Reflections on writing with Ann Gomez…

Reading time: about 2 minutes

What interferes with writing for Ann Gomez is her OTHER work! Read this interview to learn how Ann copes with this conundrum….

Ann Gomez is the founder and president Clear Concept Inc., a training organization for productivity, collaboration, mindset and wellbeing. Ann was also the productivity columnist for this blog from September 2023 to June 2024. Her latest book is Workday Warrior.

I was excited to talk to Ann Gomez about how she approaches writing. 

Q: Roughly how much time do you spend writing every day?

It ranges from 5 minutes to two hours (average ~30 min.), depending on my other work. I try to do a little bit of writing/editing every day, but on jam-packed days, I give myself permission to skip a day. 

Q: What’s a simple activity or habit that makes you a better writer?

My most effective strategy is to start my day with at least five minutes of writing/editing. I’m always tempted to jump straight into “urgent” tasks, but it’s hard to find time for writing/editing if I don’t protect my writing time.

Q: What interferes with your writing?

The top thing interfering with my writing is other work. My primary focus is to lead training workshops, which always require a lot of focused attention. When I book too many back-to-back training sessions, I struggle to protect my writing time.

Oh yes, and striving for perfection also pops up more often than I’d like 😉

Q: How do you persuade yourself to sit down to write on days when you really, really DON’T feel like doing it?

I set my timer and encourage myself to write for a just a little bit of time (i.e., five to 20 minutes). Once I ramp up, I find I enjoy it.

To be honest, I think of writing/editing as a treat. I’m working towards shifting my responsibilities so I can spend more time doing it each day.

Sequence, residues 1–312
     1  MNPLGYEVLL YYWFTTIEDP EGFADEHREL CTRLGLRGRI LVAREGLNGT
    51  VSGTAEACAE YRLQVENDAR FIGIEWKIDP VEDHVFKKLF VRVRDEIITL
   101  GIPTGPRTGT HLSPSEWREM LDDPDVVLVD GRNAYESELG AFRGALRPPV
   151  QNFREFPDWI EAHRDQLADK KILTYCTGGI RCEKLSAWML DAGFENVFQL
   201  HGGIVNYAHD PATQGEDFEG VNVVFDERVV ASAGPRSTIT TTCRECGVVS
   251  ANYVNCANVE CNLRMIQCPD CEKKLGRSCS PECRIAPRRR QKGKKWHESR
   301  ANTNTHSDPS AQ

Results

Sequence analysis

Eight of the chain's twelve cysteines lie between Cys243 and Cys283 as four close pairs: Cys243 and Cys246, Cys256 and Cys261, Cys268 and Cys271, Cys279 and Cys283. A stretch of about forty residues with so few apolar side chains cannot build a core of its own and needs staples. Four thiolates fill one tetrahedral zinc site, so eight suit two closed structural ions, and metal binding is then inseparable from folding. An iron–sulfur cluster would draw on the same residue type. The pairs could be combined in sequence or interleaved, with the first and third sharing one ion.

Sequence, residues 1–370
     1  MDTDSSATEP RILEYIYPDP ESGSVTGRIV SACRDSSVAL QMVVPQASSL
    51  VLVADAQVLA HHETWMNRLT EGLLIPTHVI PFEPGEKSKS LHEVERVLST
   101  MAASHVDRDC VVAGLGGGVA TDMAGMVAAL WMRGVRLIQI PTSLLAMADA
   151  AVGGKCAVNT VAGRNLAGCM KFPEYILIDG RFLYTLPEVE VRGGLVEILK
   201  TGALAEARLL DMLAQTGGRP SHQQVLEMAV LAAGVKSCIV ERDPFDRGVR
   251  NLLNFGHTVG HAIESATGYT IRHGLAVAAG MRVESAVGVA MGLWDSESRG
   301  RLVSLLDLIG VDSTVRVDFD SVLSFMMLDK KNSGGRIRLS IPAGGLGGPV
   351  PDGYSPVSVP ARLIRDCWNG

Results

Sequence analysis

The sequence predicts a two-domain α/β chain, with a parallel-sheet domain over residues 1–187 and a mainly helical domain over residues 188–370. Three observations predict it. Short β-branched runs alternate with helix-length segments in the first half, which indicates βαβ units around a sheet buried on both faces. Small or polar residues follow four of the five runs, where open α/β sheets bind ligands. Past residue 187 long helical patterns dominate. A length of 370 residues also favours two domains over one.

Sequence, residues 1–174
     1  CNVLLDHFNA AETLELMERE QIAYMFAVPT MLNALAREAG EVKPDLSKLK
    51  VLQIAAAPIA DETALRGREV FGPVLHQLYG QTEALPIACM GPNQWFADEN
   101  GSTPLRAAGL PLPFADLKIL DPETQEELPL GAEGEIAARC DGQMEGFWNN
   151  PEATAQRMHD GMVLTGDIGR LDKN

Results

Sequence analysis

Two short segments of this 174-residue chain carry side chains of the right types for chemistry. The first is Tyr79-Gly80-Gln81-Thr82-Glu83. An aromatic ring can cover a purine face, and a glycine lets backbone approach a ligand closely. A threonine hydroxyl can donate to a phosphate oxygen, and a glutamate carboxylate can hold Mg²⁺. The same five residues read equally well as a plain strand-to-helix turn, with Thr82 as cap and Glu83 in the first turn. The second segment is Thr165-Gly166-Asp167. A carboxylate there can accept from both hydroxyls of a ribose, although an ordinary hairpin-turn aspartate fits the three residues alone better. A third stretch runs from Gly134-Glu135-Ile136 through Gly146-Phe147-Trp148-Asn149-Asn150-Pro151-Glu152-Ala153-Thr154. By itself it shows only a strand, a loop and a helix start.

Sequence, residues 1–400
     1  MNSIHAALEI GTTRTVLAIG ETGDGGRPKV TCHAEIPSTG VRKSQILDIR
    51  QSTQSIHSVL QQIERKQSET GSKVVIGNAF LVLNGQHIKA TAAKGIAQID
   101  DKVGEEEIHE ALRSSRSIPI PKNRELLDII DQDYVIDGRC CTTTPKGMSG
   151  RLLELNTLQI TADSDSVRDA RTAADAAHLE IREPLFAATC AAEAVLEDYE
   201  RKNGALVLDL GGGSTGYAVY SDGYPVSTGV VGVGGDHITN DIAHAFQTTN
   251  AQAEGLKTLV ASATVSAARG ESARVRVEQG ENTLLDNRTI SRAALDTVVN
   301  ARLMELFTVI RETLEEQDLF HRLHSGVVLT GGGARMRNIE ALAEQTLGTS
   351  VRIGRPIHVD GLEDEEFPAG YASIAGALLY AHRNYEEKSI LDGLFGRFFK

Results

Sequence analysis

Q: Is there a particular motto or saying that you’ve found helpful for writing?

I keep thinking of the phrase you taught me, Daphne, “Don’t edit while you write.”

I also remind myself that “progress versus perfection” is the goal.

Q: Which stage of the writing process do you enjoy the most: researching, writing or editing/rewriting and why?

I love the research phase as I am a learner at heart. But I must monitor myself to make sure I’m not overdoing it with this phase. Then, I like the editing phase. I love that feeling of settling on writing that feels crisp, clear and engaging.

Q: What’s the best book you’ve read (either fiction or non) in the last five years?

Oh, now this is a tough question! I’m an avid reader and so many books stand out. It’s hard to pick just one. But I’ll go with The Seven Husbands of Evelyn Hugo by Taylor Jenkins Reid (fiction) and Big Potential by Shawn Achor (non-fiction).

Q: What book are you reading right now? 

I read a few books at a time. I usually have a fiction book on my nightstand that I read before bed. I tend to gobble up Kate Morton’s books. And I have a tall stack of non-fiction books that I plan to dig into over the summer. Plus, I have a few audio books on the go that I jump between depending on my mood (including Supercommunicators by Charles Duhigg, Steal the Show by Michael Port and Multipliers by Liz Wiseman.) 

Q: What do you think is the biggest misperception that new writers have about the act of writing?

For me, the biggest misperception was how much more effort I needed to put into editing (versus writing). I used to think I’d done most of the work after the initial writing phase. But now I understand that editing is where the magic is. Truly engaging prose is always well-edited prose.



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